Design analysis paralysis

It was the start of (yet) another project. The requirements were in. The database table design was done, subject to changes if the final code needed it.

So I sat, arms on the arm rests, slumped slightly in my comfy chair. Leaning slightly backwards, I had my eyes on the ceiling, looking for inspiration, gently rocking on the chair. Shapes and colours formed and dissipated, words and numbers just barely clear enough to see.

I was visualising my user interface design.

After I had the general idea that the imagined web application user interface, required business logic and database tables were going to match, I started drawing. I pulled a few blank pieces of paper from my stash of trash paper, and drew an outline of how it would look on the web form. Panels, textboxes and dropdownlists. Datagrids, buttons, checkboxes and radio buttons.

Should the textbox take in only input of “dd/MM/yyyy” format? Restrict only numeric input? I scribbled my notes beside the interface controls on the paper.

Finally, I’m done. I’ve got arrows denoting process flow with notes on input and display output. Then I went back and thought again. Would this interface design work? Could it fulfil the business requirements? Could it support insert, update and delete operations to the database tables?

After half an hour, something inside of me screamed, “Stop this!” I’m in design analysis paralysis. I heaved myself out of my reverie, and started actually coding.

Has this happened to you before? You want to make something perfect, so you think about the design, planning it this way and that. You chew over some of the decisions, “oh that’s not gonna work well”, and rearrange some parts.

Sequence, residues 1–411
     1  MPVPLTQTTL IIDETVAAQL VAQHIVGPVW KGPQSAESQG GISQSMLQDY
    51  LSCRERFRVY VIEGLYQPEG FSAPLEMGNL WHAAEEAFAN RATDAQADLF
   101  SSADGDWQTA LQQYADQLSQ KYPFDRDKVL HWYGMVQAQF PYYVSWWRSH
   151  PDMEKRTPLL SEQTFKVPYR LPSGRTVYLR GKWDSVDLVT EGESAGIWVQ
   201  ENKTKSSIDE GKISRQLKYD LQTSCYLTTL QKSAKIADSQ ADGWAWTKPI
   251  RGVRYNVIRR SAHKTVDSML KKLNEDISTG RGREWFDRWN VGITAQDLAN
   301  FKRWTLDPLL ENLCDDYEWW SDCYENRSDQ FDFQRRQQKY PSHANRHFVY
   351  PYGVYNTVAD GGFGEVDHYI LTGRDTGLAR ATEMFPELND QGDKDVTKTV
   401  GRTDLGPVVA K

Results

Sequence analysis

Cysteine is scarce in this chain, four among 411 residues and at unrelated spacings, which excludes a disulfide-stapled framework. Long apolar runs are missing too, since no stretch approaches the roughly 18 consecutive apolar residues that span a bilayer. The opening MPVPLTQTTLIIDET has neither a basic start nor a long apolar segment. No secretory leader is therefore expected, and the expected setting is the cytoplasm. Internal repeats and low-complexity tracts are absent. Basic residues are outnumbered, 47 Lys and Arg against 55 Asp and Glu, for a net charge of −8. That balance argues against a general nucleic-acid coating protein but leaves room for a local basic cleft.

There comes a time where no more designing can help you. The only way to see if your design works is to actually start writing some code. With working code, you can test. With tests, you get feedback, with which you can correct your code.

Let me give a non-programming example, my writing of a sestina (of the poem category). Its rules are simple. There are 6 stanzas (or paragraphs), each stanza consists of 6 lines. Each of those lines must end with a word from a group of 6 words. Every stanza must have lines ending with one of those words. The words must not repeat within a stanza and they must be in a certain order. The seventh and last stanza has only 3 lines, but each line must have 2 of those special words, and one of the words must end each line. I probably confused you more than explained how a sestina works, so you might want to read it up yourself.

So what I did was come up with the 6 words first. Analysing the sestina requirements, the obvious observation was that every one of those words would be used 7 times (7 stanzas). Instinctively, I knew I needed words preferably with more than one meaning, so I don’t keep repeating the same theme.

Then I realised that if the words could be both a noun and a verb, then it’s easy to describe it with more than one meaning. So “code” can be programming code, or cryptographic code, or code as in writing code. I was stuck in a mental quagmire coming up with those 6 words, trawling through my vocabulary for words with ambiguous meanings and double entendres.

Obsessed with fitting the words, a theme and sestina rules, I got that “Stop it!” scream again. I needed to just start writing the sestina. I needed to stop designing in my mind, and start doing something.

So on my computer, I just typed out the 6 words first, one on each line.


Then slowly, I filled in the details,

Just like the life giving warmth of the sun
You can create a better world through your code